Winterreise, Tristan Bates Theatre, London
L'Enfance du Christ, Dome, Brighton
A sour, bronchitic rasp opens and closes baritone Thomas Guthrie's staging of Winterreise.
As the first notes of Schubert's song cycle sound, woodcut clouds drift across a full moon on a screen above. Huddled under burlap, barely visible in the darkness, a small wooden figure looks up and begins to sing, hot with fever in a frozen landscape.
Movement is necessarily restricted in Guthrie's liminal production. Performed in the tiny Tristan Bates Theatre with a period guitar and an 1828 grand piano, the journey unfolds in flashback. As puppet and singer-animator become one, it barely matters whether we are in the coal-burner's hut ("Rast") or the cemetery ("Das Wirtshaus"). The enforced intimacy is transformative, turning a clean, collegiate baritone into something wild and dark. Consonants cut like blades or whisper like leaves, the great moan of "Wasserflut" sears. Meanwhile, the careless prettiness of Sam Cave's guitar is contrasted with the oyster-shell timbres of David Owen Norris's piano. From the Beethovenian glower of "Erstarrung" to the gentle ripple of "Der Lindenbaum", the bone-shaking clatter of "Die Post", the nostalgic whistle of "Frühlingstraum", the silvered skies of "Die Krähe" and the faint drone of "Der Leiermann" this was audaciously expressive, chilling and thrilling.
For a happier ending to a winter journey, let's turn to Sir Mark Elder's performance of L'Enfance du Christ with the Britten Sinfonia. Powerfully theatrical in its first part, gilded and candied in its second, and dewily fragranced with pseudo-exotica in its third, this sacred triptych is a guilty pleasure. Time and place blur deliciously. Though Egypt sounds like Provence, Berlioz is extravagantly generous with colour and character, painting a post-partum Mary (Sarah Connolly) of impeccable tenderness and a Joseph (Roderick Williams) of indefatigable rectitude.
King Herod (Neal Davies) is assigned a lavish dream-sequence, while the kindly Ishmaelite (Davies again) who eventually shelters the Holy Family has time to exchange small-talk about carpentry and baby-names ("Jésus! Quel nom charmant!") before summoning a trio of flutes and harp. The Brighton Dome has a capricious acoustic but the singing was magnificent, the orchestral textures exquisitely balanced, the choral singing at its most refined when supporting Allan Clayton's elegant, tireless Narrator in the Epilogue. A magical conclusion to the year.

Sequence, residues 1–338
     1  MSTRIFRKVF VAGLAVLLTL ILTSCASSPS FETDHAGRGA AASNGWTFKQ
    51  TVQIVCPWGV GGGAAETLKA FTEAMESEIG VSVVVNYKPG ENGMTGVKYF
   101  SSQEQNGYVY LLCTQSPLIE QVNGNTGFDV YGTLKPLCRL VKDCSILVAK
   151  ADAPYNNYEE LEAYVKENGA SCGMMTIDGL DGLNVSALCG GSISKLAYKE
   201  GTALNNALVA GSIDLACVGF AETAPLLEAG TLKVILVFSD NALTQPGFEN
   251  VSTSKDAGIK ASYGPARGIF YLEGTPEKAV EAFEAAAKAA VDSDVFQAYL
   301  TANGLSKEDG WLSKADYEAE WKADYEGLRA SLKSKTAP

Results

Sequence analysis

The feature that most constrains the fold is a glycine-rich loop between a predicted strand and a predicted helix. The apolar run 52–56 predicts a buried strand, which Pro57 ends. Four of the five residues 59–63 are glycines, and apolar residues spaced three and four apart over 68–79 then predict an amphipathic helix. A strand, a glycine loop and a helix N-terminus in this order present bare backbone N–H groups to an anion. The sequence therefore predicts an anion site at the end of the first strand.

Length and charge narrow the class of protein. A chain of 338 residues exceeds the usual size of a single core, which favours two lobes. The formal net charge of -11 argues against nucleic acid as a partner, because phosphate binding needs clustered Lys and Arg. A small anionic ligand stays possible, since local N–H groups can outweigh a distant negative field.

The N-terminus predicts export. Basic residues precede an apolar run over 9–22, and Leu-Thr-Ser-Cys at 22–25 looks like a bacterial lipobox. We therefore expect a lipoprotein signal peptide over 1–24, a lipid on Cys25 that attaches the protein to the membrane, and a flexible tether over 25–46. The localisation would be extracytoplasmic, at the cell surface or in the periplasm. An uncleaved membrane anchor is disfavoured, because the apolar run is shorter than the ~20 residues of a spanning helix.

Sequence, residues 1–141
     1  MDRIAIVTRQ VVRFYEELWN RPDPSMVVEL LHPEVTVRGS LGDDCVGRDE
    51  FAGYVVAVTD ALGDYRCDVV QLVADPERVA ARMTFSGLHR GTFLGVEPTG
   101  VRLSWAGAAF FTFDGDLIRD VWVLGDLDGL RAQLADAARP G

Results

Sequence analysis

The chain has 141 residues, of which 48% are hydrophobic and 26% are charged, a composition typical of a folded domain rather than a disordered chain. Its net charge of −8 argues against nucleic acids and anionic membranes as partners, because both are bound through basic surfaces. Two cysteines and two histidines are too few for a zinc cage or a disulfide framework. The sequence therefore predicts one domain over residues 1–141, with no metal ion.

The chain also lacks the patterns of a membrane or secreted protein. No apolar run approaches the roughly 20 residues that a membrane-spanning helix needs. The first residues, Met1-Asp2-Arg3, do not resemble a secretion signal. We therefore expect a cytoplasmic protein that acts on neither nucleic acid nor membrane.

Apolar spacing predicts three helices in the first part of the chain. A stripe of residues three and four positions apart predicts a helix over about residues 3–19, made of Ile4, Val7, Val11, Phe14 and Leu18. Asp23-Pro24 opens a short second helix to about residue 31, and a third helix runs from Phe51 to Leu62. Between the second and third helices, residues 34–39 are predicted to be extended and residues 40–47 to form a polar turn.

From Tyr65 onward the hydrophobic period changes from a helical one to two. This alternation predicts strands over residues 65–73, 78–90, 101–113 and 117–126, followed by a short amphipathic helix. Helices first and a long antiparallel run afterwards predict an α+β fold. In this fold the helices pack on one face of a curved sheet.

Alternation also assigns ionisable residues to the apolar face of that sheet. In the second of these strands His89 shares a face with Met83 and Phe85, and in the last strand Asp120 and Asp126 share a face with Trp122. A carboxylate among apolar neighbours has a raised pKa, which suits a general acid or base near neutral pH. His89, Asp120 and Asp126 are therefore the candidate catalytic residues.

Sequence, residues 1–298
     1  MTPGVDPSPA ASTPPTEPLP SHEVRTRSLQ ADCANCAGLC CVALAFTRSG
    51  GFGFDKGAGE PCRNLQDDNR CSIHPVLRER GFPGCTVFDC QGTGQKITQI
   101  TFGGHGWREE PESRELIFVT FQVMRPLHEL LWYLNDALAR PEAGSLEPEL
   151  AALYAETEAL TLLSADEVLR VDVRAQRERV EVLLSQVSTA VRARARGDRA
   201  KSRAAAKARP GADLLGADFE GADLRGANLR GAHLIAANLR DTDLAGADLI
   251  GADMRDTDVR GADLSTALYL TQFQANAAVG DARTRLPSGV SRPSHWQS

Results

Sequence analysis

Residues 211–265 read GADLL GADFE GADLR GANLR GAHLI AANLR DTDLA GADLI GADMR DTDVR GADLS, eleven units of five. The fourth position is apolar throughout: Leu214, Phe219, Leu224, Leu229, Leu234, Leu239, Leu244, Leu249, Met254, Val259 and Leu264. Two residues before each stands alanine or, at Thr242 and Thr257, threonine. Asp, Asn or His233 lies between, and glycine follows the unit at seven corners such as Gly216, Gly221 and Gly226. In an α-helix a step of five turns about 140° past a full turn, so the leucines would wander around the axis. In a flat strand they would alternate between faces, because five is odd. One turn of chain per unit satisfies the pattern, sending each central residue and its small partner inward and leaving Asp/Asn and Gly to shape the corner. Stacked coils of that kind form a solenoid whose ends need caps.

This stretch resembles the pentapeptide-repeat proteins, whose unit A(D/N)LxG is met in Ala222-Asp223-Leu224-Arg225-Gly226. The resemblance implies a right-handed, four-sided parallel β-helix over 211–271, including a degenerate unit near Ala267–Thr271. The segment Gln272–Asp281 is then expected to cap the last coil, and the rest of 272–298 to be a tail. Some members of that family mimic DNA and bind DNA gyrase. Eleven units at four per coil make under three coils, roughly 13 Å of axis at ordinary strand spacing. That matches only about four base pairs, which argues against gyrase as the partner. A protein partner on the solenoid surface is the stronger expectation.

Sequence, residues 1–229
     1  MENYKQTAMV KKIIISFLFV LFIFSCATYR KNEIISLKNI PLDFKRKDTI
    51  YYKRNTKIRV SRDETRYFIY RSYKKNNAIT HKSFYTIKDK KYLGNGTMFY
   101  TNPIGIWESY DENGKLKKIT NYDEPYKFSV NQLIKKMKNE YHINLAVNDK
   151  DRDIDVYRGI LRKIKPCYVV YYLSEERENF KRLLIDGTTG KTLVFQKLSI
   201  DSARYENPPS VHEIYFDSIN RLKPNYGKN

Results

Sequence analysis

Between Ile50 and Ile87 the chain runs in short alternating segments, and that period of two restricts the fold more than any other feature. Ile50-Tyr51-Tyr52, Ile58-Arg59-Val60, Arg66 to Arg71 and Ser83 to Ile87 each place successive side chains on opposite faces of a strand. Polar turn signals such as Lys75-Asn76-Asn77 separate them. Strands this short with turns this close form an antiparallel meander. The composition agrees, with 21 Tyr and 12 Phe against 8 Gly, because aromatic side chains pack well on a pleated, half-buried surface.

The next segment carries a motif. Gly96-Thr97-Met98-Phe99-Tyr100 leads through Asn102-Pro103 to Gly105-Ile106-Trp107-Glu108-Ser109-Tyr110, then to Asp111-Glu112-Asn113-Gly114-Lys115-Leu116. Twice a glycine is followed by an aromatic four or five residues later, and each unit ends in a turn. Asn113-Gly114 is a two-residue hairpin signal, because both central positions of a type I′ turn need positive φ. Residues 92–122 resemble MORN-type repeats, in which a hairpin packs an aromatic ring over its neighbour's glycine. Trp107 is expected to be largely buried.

Arts & Ents blogs
There is a good many moments in the second episode of this psychological thriller that deserve refle...
The opening titles squeal ‘Never Can Say Goodbye…’. Oh Lord how I wish I could heave this series off...
Even though there was a complete absence of our favourite odd couple Brienne and Jaime, we got anoth...
'He was lucky he didn't die' - George Michael fell out of speeding car onto M1 motorway, according to eye witness
Further Space Oddity: Jeremy Paxman grills British astronaut Major Tim Peake in weirdly aggressive Newsnight interview
Coronation Street triumphs over EastEnders at British Soap Awards 2013
Cannes Film Festival 2013 review: Behind The Candelabra - Michael Douglas brilliantly captures Liberace's showmanship
Inferno author Dan Brown 'honoured' to be invited to join the Freemasons
- 1 Gay couple beaten in park urge MPs to moderate language on gay marriage
- 2 Swedes set up 'ultimate Viking movie'
- 3 After woman sells virginity for $780,000, here are the results of our prostitution survey
- 4 China agrees to impose carbon targets by 2016
- 5 Far-right French historian, 78-year-old Dominique Venner, commits suicide in Notre Dame in protest against gay marriage
BMF is the UK’s biggest and best loved outdoor fitness classes
Find out what The Independent's resident travel expert has to say about one of the most beautiful small cities in the world
Win anything from gadgets to five-star holidays on our competitions and offers page.